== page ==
The final set of numbers is the Active AP. While Q1 figures show a dramatic improvement over Q4, Q4 was a relatively poor quarter. Comparing the last quarters results with the 2 quarters before shows only modest gains.:

We've already discussed the NHTSA and seasonal variability being small and indeed we might reasonably assume that in poor weather in winter the use of active AP is avoided. If we compare the uplift between passive and active AP we see a marked rise in relative terms, Q1 2020 being 135% better, Q3 2019 being 60% better. This is in part because passive AP figures have fallen markedly between the 2 quarters by 35%. If drivers are increasingly determining which conditions are safest and happy to use Active AP more than this could be a sign of increased confidence in active AP. Another consideration is that while the number of miles is large, the statistically important figure is the number of reported accidents, and just like the no active or passive AP figures, if this is relatively small the confidence in the results is reduced.

Our previous comments including driver demographics and Active AP being used on the safest roads (another reference is US Department for transportation road safety which shows interstate roads have approx half the fatality rate compared to all roads) are all relevant factors when making meaningful comparisons.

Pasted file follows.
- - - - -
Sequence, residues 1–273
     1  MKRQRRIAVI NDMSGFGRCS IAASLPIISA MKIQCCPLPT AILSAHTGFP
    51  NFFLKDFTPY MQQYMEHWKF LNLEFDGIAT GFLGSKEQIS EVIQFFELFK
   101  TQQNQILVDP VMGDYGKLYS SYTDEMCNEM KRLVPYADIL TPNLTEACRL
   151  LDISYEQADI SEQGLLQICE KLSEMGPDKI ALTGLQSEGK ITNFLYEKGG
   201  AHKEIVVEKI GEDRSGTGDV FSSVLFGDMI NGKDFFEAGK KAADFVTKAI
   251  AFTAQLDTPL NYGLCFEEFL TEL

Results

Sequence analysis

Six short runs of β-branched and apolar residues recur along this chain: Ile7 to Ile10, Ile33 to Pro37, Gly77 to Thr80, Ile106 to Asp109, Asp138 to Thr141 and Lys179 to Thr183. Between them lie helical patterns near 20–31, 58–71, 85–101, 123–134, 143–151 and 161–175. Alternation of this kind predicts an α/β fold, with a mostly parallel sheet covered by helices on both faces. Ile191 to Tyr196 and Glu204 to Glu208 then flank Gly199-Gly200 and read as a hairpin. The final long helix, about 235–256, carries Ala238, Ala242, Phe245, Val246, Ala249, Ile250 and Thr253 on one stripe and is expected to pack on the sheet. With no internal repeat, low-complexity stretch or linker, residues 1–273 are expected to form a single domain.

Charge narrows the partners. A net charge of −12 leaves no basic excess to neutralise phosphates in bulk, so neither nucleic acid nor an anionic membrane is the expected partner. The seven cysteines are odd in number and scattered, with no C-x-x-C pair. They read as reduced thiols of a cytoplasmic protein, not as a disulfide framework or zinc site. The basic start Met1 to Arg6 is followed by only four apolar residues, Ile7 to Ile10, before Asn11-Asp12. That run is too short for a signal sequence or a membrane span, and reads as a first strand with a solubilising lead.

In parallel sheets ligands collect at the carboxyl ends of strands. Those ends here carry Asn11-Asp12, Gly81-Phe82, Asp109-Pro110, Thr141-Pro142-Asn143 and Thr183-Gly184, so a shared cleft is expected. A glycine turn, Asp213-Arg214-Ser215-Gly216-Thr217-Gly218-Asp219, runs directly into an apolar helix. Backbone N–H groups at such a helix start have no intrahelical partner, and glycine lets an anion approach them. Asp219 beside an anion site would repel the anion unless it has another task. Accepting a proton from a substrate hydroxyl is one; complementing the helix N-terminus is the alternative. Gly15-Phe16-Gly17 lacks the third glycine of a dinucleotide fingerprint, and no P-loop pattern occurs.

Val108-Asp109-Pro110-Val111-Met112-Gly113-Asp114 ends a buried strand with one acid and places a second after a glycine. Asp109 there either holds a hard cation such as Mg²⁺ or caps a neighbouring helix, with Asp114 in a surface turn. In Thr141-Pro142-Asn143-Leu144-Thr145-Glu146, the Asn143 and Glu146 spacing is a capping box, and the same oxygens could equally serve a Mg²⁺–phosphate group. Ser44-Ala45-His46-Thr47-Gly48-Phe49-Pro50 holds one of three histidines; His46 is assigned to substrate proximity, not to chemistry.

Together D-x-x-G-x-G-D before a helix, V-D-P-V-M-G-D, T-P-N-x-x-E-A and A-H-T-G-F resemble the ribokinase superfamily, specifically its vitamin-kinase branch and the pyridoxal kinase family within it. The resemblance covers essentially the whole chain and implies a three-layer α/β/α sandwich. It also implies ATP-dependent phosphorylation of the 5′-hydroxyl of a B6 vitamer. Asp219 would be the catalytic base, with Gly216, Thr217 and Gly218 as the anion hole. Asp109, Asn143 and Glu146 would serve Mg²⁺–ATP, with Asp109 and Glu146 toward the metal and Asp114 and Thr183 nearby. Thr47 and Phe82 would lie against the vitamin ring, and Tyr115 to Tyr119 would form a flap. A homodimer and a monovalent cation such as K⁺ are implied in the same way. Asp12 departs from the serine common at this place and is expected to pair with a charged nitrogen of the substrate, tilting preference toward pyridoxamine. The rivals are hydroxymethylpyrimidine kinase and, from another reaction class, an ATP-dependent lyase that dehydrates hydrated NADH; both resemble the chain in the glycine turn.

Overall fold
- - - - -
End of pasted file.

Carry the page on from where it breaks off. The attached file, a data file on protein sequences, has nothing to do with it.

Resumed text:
A lot of numbers have been discussed so what is our TL;DR? Firstly, the points we previously made about active AP being used on the safest roads, at the safest time, in the safest weather and by the safest drivers are all still true. No new evidence has been provided that help address these variables. The trend that 3 quarters of falling passive safety is a concern. While passive safety undoubtedly works the falling performance with no explanation leaves no room for complacency and we believe is a result of the shifting driver demographic as the cheaper M3 is now available to an younger and less affluent market. Finally, active Autopilot performance fluctuates between quarters and while we appreciate the raw numbers are better, we are not satisfied that this can be attributed to the software over the external conditions when in use.

The TL:DR on our TL;DR is that drivers intuitively use active AP when they themselves recognise that the conditions are very safe which probably explains the numbers, and if active AP was genuinely the safest way to drive, why would we any Tesla owner ever chose to disengage it? We simply don't, so we know active AP is not universally safer.

Our original article

Tesla's Vehicle Safety Report stated some interesting, and we use the word lightly, facts.

This is essentially trying to suggest that the use of AP results in half the rate of accidents per mile driven than Tesla not on Autopilot.

Let's break this down a bit.

Superficially the Tesla figures could therefore look quite worrying. Their software is 2x as safe as not using it, but as it is largely used in the context of roads that are historically 4x safer than other roads, it could be argued they should be 4x as safe on a like for like basis, or expressed differently, given the road type it could be argued that AP is half as safe as expected. The mathematics here are simplified, but we trust it illustrates a key problem in interpreting the Tesla data.